Roller-coaster Dow leaves markets braced for turmoil
Tuesday 01 April 1997
By the close last night, the Dow Jones Industrial Average was off by a dizzying 157.11 points, or 2.3 per cent, at 6,583.48. The fall, which computerised trading curbs failed to halt, came on the heels of the index's 140-point loss last Thursday.
While some analysts continued to argue that the return of the bear to the Wall Street represented no more than the correction that many had been expected, others were sounding alarm bells. Any slippage beneath the psychologically-important 6,600 level could instil more generalised fears, if not investor panic.
The story was similar across the markets. The technology-heavy Nasdaq exchange was also hurting badly yesterday - it was off more than 15 points at midday. Dealers are bracing themselves for volatile trading today after shares plunged again on Wall Street yesterday. Equities are expected to take their cue from a US market that returned from the shorter American Easter holiday as nervously as it had entered the break.
After a 140-point fall last Thursday in New York, the Dow Jones index fell sharply in early trading yesterday as dealers banked on another rise in American interest rates following last week's quarter-point increase. The Dow was trading 107.64 points off at 6,632.95 in midday trading, having been 140.8 down at mid-morning.
Shares were especially nervous ahead of economic data this week that could shape perceptions about inflation, interest rates and the stock market's future health. Later today the March survey of manufacturing conditions from the National Association of Purchasing Management will be published, while on Friday the Labor Department releases the March employment report.
The slide resumed immediately after the opening bell yesterday, leading to an early activation of computerised trading curbs on the New York Stock Exchange. It was a similar story of pain elsewhere. The technology-heavy Nasdaq exchange was also hurting badly yesterday - off 28 at 1,221 by the close. Nor was there much help forthcoming from the bond market, where the yield on the benchmark 30-year Treasury bond, after steadying briefly in early trading, began to climb again. At last Thursday's close, the yield was at 7.08 per cent, its highest level since last September.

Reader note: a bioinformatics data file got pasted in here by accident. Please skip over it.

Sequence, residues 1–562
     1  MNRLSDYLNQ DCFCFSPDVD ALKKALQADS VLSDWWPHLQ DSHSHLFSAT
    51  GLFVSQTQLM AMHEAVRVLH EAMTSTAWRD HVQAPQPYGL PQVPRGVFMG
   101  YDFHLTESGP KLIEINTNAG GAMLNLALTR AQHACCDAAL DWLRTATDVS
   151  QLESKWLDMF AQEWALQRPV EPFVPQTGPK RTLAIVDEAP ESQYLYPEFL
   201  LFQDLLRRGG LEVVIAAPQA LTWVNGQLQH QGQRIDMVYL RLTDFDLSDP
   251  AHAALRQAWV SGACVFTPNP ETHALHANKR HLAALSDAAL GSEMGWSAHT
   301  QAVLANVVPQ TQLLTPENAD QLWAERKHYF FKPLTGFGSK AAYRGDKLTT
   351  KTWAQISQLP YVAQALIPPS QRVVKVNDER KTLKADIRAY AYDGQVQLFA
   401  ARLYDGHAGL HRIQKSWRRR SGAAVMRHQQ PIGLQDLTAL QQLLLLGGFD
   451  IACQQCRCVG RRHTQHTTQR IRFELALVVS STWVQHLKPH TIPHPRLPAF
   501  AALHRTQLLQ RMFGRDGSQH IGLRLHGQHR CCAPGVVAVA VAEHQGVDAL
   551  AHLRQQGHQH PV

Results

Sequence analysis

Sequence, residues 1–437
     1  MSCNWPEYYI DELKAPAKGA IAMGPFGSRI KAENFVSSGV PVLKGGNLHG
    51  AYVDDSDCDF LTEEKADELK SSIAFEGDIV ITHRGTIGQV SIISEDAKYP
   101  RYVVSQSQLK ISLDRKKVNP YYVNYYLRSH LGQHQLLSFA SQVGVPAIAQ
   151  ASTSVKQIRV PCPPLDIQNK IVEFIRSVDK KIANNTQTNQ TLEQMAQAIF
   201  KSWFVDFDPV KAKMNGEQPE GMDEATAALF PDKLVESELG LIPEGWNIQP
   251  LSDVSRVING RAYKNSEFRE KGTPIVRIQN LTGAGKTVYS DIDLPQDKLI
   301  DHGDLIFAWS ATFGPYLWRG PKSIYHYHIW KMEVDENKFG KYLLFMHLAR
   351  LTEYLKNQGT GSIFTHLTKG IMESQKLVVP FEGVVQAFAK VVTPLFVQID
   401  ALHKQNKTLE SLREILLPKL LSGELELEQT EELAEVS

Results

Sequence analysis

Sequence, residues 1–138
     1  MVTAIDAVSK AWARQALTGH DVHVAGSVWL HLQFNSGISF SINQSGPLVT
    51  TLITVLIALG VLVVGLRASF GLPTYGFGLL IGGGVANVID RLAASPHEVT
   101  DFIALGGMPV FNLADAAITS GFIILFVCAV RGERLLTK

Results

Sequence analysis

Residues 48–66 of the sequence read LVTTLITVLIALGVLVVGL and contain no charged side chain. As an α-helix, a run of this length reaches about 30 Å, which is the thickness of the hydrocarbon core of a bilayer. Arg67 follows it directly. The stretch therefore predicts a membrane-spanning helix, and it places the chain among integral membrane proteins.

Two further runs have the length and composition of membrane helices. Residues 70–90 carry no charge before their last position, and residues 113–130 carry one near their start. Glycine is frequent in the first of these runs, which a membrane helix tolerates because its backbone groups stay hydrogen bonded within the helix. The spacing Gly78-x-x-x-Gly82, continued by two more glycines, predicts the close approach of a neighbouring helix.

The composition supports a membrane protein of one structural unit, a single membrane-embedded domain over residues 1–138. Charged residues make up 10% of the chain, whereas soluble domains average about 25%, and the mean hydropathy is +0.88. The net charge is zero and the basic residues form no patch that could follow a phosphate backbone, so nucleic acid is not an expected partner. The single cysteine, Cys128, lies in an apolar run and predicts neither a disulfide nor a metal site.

Once bond yields break through the 7 per cent barrier, investors often begin looking towards the bond market and away from equities as the best place for their dollars.
Most analysts continued to attribute the onset of market turbulence to last week's Federal Reserve decision to raise short-term interest rates by a quarter-point. There is still concern that further increases may be around the corner.
Fuelling that worry was additional data yesterday pointing to an overly healthy US economy. The Commerce Department reported that Americans' personal income jumped 0.9 per cent in February, the largest gain in nine months.
While spending grew by a much more modest 0.3 per cent - the smallest gain since for six months - it came after a full 1 per cent surge in January.
"The data will keep the market on the defensive," said Peter Cardillo of Westfalia Investments.
- 1 Tourist films plane's descent just metres above packed Caribbean beach
- 2 Kate Moss: Previously unpublished nude photo revealed by Mert and Marcus
- 3 Indian woman creates 'Marriage CV' after parents put her on dating site: 'Definitely not marriage material. Won’t grow long hair, ever'
- 4 World Book Day: Boy 'excluded' from school after dressing up as Fifty Shades' Christian Grey
- 5 Bad Jews poster 'censored' on London Tube
Tourist films plane's descent just metres above packed Caribbean beach
Indian woman creates 'Marriage CV' after parents put her on dating site: 'Definitely not marriage material. Won’t grow long hair, ever'
Becky Watts: Four appear in court charged with hiding body parts after teenager's death
Isis 'bulldozes' Nimrud: UNESCO condemns destruction of ancient Assyrian site as a 'war crime'
Professor Brian Cox brands astrology-believing Tory MP David Tredinnick an 'outlier on the spectrum of reason'
Nearly 100,000 of Britain's poorest children go hungry after parents' benefits are cut
Durham Free School: 'Creationism taught at' free school facing closure
End of the licence fee: BBC to back radical overhaul of how it is funded
Elif Shafak: Turkish author warns against rise of British nationalism
Most people think legal tax avoidance is just as wrong as illegal tax evasion, poll suggests
Nigel Farage promises Ukip will not 'stigmatise' would-be migrants – and says he wants 'everyone to speak the same language'
iJobs Money & Business
£13000 per annum: Recruitment Genius: This is an exciting opportunity to join ...
£25000 - £30000 per annum + benefits: Ashdown Group: A global leader operating...
£12 - £15 Hourly Rate: Jemma Gent: In this role you will report to the Head of...
£8 per hour: Recruitment Genius: This Pension Specialist was established early...